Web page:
Faculty Spotlight

Award-winning Professor Researches Death on Foreign Soil

Jyoti Puri, Professor of Sociology and Hazel Dick Leonard Chair was the recipient of the 2021 Jessie Bernard Award, given annually in recognition of work with broad scholarly impact that has “enlarged the horizons of sociology to encompass fully the role of women in society.” Puri was selected for her internationally-renowned scholarship in the field of feminist research. She shared with us her new subject of research, death in migrant communities.

Tell us about your current research.

The arc of my work has been around questions of gender and sexuality. Over the last few years, I have pivoted to researching death and migrant funeral practices.

Many years ago, I saw a photograph taken in 1907 of the cremation of a Sikh migrant in North America. The caption on the photo indicated that the mayor had not given permission to the migrants to cremate the body [per Sikh custom], so they took the body into the forest in the wee hours of the morning to complete the ritual. That image simmered in my mind for many years, and made me confront what it is like to die on soil that is not one’s own, where one is seen as not belonging.

This particular photo was taken by a white Canadian photographer. The camera had an unobstructed view, so clearly the mourners were aware the photo was being taken. There was also a clutch of white observers present. It was not at all typical for Sikh migrants to have photos taken at funerals; they did not believe in saving keepsakes from their dead. Cremation was intended to destroy the body and release the soul, and the ashes were then released in a flowing body of water. I was moved by the photo, and my task is to tie all of the details together and understand how this and other such photos came to be and what they tell us about that historical moment and its legacies.

I’ve also learned that the photo circulated as a postcard, as did many other photos of cremations and cemeteries at that time. It was mailed within British Columbia and most likely circulated among white people. I haven’t seen any indication of such postcards circulating within the migrant communities. Part of my job is to tease out the broader context that allows people to see this as a spectacle. What is the interest? What is the context fueling and shaping that interest? How do we interpret that interest, and what are the implications of circulating this image as a postcard?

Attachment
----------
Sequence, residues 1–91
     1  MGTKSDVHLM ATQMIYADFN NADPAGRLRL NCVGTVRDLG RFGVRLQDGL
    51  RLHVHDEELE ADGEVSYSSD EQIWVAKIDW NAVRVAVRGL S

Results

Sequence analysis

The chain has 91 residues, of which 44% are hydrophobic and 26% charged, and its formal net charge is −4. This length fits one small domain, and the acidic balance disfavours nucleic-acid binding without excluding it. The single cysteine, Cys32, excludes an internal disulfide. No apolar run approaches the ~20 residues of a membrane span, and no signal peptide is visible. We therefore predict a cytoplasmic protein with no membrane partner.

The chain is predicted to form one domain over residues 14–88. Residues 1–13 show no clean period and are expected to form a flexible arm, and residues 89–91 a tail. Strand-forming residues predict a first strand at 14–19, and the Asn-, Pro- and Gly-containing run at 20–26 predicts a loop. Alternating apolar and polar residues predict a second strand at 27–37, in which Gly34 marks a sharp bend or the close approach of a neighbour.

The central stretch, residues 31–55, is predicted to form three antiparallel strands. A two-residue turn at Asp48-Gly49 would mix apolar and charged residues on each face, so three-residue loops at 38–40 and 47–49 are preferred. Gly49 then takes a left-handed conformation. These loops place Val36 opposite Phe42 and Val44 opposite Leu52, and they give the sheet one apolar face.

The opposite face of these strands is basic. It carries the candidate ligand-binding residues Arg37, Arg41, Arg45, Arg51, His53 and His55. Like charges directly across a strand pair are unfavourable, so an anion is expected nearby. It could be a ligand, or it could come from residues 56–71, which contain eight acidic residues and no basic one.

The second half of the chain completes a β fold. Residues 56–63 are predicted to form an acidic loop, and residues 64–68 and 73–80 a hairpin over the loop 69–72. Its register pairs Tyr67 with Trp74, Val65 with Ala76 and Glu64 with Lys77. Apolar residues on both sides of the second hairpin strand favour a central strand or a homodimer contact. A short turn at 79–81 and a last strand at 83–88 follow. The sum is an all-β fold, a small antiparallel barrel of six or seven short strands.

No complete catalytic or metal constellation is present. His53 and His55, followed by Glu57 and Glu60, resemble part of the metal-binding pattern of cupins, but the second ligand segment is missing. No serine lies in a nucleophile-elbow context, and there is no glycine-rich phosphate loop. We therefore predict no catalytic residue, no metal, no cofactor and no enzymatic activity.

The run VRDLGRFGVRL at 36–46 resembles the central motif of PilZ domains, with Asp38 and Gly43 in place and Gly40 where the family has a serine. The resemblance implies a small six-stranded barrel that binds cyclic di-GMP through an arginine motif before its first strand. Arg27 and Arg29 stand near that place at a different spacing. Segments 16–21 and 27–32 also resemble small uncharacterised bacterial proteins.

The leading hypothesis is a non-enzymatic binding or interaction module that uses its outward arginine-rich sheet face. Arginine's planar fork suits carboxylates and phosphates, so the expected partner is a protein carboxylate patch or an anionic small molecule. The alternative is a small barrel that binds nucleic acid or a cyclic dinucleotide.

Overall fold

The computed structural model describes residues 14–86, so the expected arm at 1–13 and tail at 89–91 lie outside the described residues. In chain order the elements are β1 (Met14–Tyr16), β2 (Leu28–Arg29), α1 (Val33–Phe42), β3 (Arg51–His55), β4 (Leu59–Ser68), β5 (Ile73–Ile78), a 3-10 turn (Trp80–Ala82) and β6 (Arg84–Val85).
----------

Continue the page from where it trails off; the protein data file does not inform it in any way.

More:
What challenges have arisen from this pivot in your research?

I’m inspired by reading in new areas, and I’ve found excitement in my research about death. Having to educate yourself can be daunting, but is very rewarding. It has meant researching migration and reading historical archives, which I’ve never done before. Sometimes it is completely overwhelming, but I don’t know what project worth doing doesn’t make you feel that way. You come out on the other side with something interesting to say, along with your own self-growth and development. This project is extending me and energizing me in all kinds of ways.

Tell us about your process

Most of the research is online, as these are very well-documented historical archives. Getting access to the Harvard Divinity School libraries was an opening point. I found a whole host of travelogs written by US citizens traveling in colonial India (now South Asia), with extensive commentaries about death.

There is a trove of photos in the Library of Congress and other databases, and I’ve pulled together information about cremation and burials, particularly of migrants. Some images of Sikh migrants look like family photos — there are groups of people together, and from the way they are dressed you can see that they’ve consented to having a photo taken. Many others were taken of Sikh laborers working in fields or on railroads, and it’s not clear if they knew their photo was being taken, or if they consented.

Your research encompasses a broad range of topics: death, feminism, racism, sexuality. Is there a through line that connects all of these interests?

My previous research was concerned with how states and nations regulate bodies, sex, and gender, with an underlying concern about preservation of social order. When race and religion are different, it can be seen as a threat to social order, and examining those perceived threats and how the differences are regulated by state and nation are the points of continuity in my research.

Any advice for students? What have you enjoyed about teaching at Simmons?

Follow your interests and your passions — they are there for a reason. Research that area and read and educate yourself. Immersing yourself in the available material can show you where the gaps are, and you can see how you can contribute and add new perspectives and understandings.

The nicest part of teaching for 25 years is the opportunity to see students flourish. I’ve seen students come into their own, with their own careers and families. Many have become my peers, and that has been very fulfilling.

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